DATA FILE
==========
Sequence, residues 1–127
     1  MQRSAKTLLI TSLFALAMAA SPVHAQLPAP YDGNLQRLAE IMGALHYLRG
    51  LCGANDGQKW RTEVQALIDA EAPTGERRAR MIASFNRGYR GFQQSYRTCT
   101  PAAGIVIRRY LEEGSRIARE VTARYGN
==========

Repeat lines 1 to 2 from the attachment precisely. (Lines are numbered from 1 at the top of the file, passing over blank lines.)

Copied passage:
Sequence, residues 1–127
     1  MQRSAKTLLI TSLFALAMAA SPVHAQLPAP YDGNLQRLAE IMGALHYLRG